Electricity Appellate Tribunal Chairperson Justice M. Karpaga Vinayagam has suggested that the criminal law be amended to award the maximum punishment of full life imprisonment for brutal rape of child, minor girl or pregnant woman. There should not be any minimum punishment.
He has submitted his suggestions to the Justice J.S. Verma Commission, which was set up to study stringent laws for preventing crimes against women after the gang rape of a 23-year-old student in New Delhi in December last.
Justice Karpaga Vinayagam said: “The law must be amended in such a way that wherever life sentence is awarded to the culprits, especially in rape cases, they must be directed to undergo the sentence for the full life time. Those culprits who are involved in the brutal rape cases must be put in the condemned cell for the whole period of life, without extra facilities normally provided to the convicts.”
“The absence of a legal frame work, the lack of political will and the lack of commitment on the part of law-enforcement officials to implement the laws as well as the judgments rendered by the subordinate courts, which are not appealed, are the main causes for such heinous crimes. Nowadays, the youth of India are not showing interest in learning Indian culture and tradition. They feel that it is heroism to violate law and break discipline. Raping girls amounts to terrorism. Terrorism is not heroism, but it is a mindless assault on humanism.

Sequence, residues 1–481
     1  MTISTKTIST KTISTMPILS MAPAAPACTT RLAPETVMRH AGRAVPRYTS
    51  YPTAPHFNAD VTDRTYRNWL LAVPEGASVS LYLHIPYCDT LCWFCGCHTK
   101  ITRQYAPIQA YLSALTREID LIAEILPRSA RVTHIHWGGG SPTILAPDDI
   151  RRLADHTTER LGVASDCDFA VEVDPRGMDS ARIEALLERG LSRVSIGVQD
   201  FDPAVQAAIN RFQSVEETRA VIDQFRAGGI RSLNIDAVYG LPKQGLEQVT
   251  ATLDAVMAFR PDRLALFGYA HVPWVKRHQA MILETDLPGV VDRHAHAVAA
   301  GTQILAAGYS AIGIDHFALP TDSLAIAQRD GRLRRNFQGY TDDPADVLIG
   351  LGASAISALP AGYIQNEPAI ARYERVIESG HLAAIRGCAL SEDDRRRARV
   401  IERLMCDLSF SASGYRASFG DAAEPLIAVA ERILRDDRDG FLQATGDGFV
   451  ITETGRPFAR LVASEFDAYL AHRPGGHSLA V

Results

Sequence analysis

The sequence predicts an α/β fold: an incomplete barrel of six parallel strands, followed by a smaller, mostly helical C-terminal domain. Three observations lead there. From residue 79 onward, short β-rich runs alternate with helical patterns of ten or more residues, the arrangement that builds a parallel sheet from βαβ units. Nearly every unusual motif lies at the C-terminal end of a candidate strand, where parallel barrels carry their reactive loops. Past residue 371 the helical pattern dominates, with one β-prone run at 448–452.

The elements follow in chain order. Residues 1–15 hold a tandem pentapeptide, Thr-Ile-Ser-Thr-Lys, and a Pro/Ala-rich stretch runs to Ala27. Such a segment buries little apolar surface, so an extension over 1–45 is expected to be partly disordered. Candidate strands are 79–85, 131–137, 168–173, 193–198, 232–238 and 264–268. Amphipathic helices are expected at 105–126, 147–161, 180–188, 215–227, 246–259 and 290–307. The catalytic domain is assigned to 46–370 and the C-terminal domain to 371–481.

“There is a suggestion from certain quarters that castration is the legal response. Chemical castration involves injecting anti-androgen drugs that suppress the production of testosterone as long as the drugs are in force. Once we get past the historical package of the term castration, the strongest arguments in favour of chemical castration is that it is a non-invasive reversible method of nullifying the production of testosterone and thereby controlling extreme sexual urge. Punishment of castration would be a short term solution.
“The gang rape has evoked strong reactions from all quarters of society. Some want the accused hanged. Some are blaming our values for the crimes. Changes do not occur overnight. Changing the thought process of all people is not easy. The reform takes decades to show results. We cannot wait for that to happen. Hence, immediate steps for providing stringent punishment have to be taken which will surely have a deterrent effect. We need to reform our police forces. The shoddy investigations and the casual attitude of the law-enforcement agencies and even the members of the lower judiciary, who are not sensitive to the issues, are the main reasons for rape victims not getting justice. It is unfortunate to see that more number of juveniles commit these brutal rapes and escape from severe punishment. Hence, the definition of juvenile can be modified by reducing the age of juvenile from 18 to 16 years.”
In his suggestions, Bar Council of India member S. Prabhakaran said: “The death sentence is not a solution in rape cases. In most of the countries, it has been abolished… For the offence of murder under Section 302 of the Indian Penal Code, the death sentence is imposed. More than that, if the major punishment of death sentence is imposed in rape cases, the accused would not only commit rape but would also murder the victim. So the death sentence is not a solution. But some strict conditions have to be imposed in life sentence itself: parole, leave and commutation of the sentence should not be granted to the accused sentenced to life imprisonment…”
Mr. Prabhakaran said: “The victim should be examined only by a lady doctor because if the victim is examined by the male doctor, that itself will victimise the victim. All the electronic and print media should be strictly restricted from taking photos and videos of the victim and… from telecasting or publishing the same. Most of the victims hesitate to lodge a complaint with the police because of unnecessary media publicity.”